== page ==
- Intestinal rehabilitation patients
- Irritable bowel syndrome (IBS)
- Ketogenic diet and modified Atkins diet for epilepsy disorders
- Lactose intolerance
- Liver failure
- Metabolic disorders (including but not limited to phenylketonuria, urea cycle and fatty acid oxidation disorders and MSUD)
- Neonates with gastrointestinal complications/anomalies (omphalocele, gastroschisis, medical and surgical necrotizing enterocolitis, short bowel syndrome, GERD, Hirschprungs Disease)
- Neonates with metabolic bone disease, chronic lung disease, congenital heart disease and renal disease
- Nutrition advice for picky eaters
- Nutritional deficiencies
- Pancreatic insufficiency
- Short bowel syndrome
- Solid organ transplantation
- Sports nutrition
- Weight management
Feeding Disorders Program
The Feeding Disorders Program takes a team approach to assessing the contributing factors to an infant or child's inability or refusal to eat, or when the child has difficulty eating. The patient and family will then receive an individualized combination of education, support and therapy.
Fit Youth is a 12-week program designed to help children ages 7-16 years develop new eating and exercise habits. With the help of a psychologist, dietitian and exercise physiologist, parents and children will learn how to make adjustments at home to support healthy weight control.
Interdisciplinary Infant Nutrition Clinic
The focus of the infant nutrition clinic is on infants with feeding difficulties that are primarily physiologic or skill related in origin. Pediatric Registered Dietitians evaluate the infant’s nutritional needs and feeding skills individually with the goal of promoting optimal growth and development. The clinicians work toward transition to oral feeds while adjusting the diet as appropriate and working on feeding skills.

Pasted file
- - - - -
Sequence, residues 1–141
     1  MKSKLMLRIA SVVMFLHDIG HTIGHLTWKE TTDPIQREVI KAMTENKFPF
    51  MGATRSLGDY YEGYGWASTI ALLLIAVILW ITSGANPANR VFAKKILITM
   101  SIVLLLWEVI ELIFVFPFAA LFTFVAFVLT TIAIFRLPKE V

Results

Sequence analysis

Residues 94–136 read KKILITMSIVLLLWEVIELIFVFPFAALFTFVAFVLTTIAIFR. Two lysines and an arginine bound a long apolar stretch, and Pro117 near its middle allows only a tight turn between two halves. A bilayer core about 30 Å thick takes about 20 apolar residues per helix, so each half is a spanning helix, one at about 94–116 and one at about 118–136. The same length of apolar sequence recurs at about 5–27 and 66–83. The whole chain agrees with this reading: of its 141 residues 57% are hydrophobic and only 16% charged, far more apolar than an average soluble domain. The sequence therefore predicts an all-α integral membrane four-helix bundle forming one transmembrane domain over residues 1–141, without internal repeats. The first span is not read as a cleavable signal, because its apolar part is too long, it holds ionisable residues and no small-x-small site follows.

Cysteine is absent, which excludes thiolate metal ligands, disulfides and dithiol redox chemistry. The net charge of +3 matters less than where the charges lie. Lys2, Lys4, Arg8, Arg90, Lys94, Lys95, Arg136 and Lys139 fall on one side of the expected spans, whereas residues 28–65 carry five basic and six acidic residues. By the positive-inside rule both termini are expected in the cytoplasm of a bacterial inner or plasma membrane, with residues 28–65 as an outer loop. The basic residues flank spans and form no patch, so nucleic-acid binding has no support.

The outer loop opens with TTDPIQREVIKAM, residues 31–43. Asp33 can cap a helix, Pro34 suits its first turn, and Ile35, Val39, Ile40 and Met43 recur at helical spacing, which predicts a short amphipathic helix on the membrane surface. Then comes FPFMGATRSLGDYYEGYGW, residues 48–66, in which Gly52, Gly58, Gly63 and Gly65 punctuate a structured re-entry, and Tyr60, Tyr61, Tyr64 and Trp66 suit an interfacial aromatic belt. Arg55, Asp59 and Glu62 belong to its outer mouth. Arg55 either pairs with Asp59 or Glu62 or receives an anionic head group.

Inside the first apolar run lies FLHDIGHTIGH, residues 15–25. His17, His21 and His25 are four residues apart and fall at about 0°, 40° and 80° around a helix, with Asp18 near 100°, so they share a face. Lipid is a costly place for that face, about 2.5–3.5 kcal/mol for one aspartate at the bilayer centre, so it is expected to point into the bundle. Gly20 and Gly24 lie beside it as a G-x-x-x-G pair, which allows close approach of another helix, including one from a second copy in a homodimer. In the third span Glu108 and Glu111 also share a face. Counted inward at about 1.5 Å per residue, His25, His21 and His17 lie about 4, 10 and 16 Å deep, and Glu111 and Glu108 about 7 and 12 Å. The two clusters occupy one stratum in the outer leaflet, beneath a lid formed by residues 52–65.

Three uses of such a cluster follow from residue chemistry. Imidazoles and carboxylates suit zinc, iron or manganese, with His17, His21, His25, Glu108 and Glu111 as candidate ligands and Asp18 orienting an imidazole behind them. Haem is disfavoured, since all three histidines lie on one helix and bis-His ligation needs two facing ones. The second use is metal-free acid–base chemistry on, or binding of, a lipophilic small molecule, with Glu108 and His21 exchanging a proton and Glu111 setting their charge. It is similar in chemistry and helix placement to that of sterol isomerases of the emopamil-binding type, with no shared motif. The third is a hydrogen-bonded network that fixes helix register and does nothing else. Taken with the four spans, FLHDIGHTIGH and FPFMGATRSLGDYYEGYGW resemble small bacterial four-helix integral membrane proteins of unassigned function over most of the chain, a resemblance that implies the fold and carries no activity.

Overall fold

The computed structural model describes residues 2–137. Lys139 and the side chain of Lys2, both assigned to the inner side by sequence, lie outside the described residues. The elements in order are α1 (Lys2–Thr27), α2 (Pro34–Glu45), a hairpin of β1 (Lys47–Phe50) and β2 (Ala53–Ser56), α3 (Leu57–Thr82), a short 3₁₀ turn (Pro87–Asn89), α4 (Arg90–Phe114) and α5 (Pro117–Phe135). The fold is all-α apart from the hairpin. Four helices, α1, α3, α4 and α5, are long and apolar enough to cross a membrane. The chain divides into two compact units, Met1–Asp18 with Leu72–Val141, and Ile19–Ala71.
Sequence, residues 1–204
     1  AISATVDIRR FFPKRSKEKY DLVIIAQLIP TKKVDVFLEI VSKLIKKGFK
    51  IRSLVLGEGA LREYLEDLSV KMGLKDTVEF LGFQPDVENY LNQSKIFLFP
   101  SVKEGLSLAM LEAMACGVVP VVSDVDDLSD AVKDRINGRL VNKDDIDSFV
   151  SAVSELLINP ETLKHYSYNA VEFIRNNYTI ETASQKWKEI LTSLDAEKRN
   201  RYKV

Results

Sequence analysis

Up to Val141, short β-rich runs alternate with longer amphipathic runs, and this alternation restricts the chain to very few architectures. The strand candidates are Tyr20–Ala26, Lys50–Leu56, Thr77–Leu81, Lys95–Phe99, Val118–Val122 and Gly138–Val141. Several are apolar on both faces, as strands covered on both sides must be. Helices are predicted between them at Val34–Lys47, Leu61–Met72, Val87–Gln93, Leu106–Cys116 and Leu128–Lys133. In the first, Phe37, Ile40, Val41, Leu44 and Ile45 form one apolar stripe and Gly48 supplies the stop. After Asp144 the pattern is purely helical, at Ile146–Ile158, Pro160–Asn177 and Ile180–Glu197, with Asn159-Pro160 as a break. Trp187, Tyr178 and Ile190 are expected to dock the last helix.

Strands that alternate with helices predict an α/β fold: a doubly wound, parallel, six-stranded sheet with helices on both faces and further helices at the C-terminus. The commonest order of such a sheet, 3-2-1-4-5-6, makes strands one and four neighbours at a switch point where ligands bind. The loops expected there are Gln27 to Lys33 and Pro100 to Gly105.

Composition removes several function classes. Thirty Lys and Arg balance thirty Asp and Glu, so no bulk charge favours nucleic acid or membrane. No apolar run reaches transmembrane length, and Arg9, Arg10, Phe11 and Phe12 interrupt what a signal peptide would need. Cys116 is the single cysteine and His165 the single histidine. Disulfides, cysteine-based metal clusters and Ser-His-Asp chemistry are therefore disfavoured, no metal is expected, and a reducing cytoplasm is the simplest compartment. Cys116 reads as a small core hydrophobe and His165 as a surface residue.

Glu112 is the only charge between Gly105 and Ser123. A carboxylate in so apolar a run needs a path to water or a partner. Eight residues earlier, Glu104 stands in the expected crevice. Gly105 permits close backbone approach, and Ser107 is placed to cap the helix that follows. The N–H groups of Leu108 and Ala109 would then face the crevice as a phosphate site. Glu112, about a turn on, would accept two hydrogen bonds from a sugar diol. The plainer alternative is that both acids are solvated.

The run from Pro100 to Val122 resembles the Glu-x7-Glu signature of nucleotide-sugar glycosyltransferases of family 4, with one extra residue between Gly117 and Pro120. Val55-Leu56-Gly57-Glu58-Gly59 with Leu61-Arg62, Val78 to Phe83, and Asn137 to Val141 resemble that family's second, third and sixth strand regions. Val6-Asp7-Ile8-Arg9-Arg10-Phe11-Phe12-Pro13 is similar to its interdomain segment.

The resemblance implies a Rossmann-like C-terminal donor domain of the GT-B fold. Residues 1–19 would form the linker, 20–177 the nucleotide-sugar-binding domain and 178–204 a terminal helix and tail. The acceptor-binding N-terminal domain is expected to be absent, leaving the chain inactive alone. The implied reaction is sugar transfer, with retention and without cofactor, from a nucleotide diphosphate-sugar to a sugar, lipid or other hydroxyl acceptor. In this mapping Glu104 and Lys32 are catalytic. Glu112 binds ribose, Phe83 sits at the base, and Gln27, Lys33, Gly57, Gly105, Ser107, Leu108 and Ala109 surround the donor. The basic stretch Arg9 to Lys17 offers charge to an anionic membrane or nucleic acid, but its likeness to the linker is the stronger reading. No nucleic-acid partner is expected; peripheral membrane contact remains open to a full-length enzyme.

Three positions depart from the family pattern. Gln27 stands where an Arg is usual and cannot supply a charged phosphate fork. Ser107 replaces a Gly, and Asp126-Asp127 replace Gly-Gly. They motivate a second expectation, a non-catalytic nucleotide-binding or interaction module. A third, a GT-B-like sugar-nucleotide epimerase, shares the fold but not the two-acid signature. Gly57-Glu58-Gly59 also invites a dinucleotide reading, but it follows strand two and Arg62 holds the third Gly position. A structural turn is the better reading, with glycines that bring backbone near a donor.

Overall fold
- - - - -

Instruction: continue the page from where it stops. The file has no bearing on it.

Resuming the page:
Pediatric renal dietitians at The Power Dialysis Unit at Shaker Campus specialize in the dietary needs of children with chronic kidney disease. The dietitians will educate parents and children about proper nutritional needs and develop an individualized feeding program to support the current state of the child’s health and his or her developmental needs.
- Christina DeTallo, MS, MBA, RD, CSP, LD – PNST manager
- Andrea Adler, RD, CSP, LD
- Lacey Anderson, MS, RD, LD
- Gwen Barron, RD, LD
- Christine Bowen, RD, CSP, LD
- Bethany Caudill, MS, RD, LD
- Diana DiFabio, MS, RD, LD
- Bette Klein, MS, RD, CSP, LD
- Evelyn Koski, MS, RD, LD
- Merideth Miller, RD, CSP, LD
- Kailtyn Nowacki, MS, RD, LD
- Taylor Rice, MS, RD, CSP, LD
- Audrey Ruthenberg, MS, RD, CSP, LD
- Sara Seither, MS, RD, CSP, LD
- Jennifer Willoughby, RD, CSP, LD
- When should I start and how much baby food should I feed my infant?
- What are typical portions of foods for my toddler?
- What should my preschooler be eating?
- My child was diagnosed with lactose intolerance. What is lactose intolerance? And what are the dietary restrictions?
- My child was found to have anemia or low iron. What are some common foods high in iron?